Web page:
Endoscopic screening

Endoscopic screening by colonoscopy is recommended every three years beginning when symptoms occur, or in early teenage years if symptoms have not occurred. Biannual upper gastrointestinal endoscopy and examination of the upper gastrointestinal tract by barium radiography are recommended beginning at about age 10. Numerous anecdotal reports of successful video capsule or double-balloon enteroscopy screening for small intestinal polyps have appeared in the literature in recent years, but no definitive recommendations on their use have been published. Polyps should be removed when technically feasible.


Support: This work was supported by NIH R01DK059656


1. Schreibman IR, et al. The hamartomatous polyposis syndromes: a clinical and molecular review. Am J Gastroenterol. 2005;100(2):476–90. [PubMed]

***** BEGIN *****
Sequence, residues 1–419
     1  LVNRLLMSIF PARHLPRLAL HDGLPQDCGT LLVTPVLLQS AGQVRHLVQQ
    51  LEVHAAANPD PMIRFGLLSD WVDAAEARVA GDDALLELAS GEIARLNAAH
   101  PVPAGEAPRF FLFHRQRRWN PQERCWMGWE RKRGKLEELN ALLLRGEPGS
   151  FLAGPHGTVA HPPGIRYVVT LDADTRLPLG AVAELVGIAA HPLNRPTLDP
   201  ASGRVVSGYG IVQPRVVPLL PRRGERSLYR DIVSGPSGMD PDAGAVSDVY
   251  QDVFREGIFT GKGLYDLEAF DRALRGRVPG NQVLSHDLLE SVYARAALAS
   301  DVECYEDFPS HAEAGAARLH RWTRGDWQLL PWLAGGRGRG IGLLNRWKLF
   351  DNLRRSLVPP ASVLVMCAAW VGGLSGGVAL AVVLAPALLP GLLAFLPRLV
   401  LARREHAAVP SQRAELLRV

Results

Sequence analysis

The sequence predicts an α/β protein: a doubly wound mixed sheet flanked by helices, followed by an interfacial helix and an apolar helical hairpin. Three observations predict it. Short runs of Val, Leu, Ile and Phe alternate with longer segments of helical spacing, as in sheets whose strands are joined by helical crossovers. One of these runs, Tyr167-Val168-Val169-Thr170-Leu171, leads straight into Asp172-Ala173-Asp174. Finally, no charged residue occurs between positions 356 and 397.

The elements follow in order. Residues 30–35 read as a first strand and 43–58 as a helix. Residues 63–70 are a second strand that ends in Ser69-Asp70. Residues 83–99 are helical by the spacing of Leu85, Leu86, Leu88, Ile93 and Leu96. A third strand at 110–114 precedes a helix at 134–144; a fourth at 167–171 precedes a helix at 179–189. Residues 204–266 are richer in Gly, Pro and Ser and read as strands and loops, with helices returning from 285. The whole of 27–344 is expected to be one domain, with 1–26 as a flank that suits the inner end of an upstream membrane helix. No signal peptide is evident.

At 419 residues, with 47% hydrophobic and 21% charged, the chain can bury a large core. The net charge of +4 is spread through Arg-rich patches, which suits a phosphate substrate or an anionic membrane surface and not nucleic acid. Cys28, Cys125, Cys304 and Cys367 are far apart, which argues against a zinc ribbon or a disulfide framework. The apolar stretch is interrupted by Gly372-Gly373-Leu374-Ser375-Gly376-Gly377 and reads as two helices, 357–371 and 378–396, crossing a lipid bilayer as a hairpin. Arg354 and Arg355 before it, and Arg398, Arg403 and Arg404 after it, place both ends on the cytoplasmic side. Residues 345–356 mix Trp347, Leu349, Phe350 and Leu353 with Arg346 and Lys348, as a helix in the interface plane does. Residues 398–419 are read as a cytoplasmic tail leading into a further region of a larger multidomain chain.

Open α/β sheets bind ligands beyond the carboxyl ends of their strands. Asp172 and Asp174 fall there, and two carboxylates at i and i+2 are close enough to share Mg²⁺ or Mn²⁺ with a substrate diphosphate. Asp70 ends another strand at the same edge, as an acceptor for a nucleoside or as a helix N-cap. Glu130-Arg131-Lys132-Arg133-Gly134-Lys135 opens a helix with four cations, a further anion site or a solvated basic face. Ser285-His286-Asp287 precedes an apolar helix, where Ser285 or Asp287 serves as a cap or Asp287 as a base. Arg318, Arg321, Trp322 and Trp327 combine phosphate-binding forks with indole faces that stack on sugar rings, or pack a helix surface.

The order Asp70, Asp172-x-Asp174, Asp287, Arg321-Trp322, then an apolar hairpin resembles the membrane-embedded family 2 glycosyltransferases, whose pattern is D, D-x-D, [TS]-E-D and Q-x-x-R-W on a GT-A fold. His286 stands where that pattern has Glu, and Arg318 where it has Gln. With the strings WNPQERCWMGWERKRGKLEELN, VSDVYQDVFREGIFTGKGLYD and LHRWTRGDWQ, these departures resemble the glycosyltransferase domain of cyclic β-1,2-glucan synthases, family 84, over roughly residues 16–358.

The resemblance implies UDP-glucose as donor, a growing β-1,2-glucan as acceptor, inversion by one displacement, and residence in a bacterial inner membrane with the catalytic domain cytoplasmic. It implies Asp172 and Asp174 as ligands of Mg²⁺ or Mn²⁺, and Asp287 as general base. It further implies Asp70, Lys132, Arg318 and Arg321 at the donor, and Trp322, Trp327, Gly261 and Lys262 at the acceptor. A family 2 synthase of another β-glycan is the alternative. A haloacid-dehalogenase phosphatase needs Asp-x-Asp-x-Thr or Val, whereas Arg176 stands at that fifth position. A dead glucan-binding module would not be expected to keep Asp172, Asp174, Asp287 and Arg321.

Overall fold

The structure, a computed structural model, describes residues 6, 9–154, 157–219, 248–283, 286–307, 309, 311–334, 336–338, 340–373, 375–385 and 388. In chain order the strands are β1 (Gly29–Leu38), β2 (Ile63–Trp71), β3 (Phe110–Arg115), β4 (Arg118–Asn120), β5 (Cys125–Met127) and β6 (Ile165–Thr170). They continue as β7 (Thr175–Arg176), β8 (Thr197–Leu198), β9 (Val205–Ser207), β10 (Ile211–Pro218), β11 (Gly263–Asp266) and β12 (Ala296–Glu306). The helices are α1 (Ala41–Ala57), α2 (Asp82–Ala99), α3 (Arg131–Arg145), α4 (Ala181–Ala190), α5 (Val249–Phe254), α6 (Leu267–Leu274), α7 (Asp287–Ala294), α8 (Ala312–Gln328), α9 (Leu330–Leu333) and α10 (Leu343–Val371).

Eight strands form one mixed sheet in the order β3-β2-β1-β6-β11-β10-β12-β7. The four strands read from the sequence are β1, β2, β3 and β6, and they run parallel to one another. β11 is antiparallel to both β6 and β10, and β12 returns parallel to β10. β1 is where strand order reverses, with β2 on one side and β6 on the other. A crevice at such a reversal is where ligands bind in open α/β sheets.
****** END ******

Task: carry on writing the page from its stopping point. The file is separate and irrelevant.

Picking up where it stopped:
2. Pelias MK. Genetic testing of children for adult-onset diseases: Is testing in the child'd best interests? The Mount Sinai Journal of Medicine. 2006;73:605–608. [PubMed]
3. Douma KF, et al. Psychosocial issues in genetic testing for familial adenomatous polyposis: a review of the literature. Psychooncology. 2008;17(8):737–45. [PubMed]
4. Zbuk KM, Eng C. Hamartomatous polyposis syndromes. Nat Clin Pract Gastroenterol Hepatol. 2007;4(9):492–502. [PubMed]
5. Brosens LA, et al. Risk of colorectal cancer in juvenile polyposis. Gut. 2007;56(7):965–7. [PMC free article] [PubMed]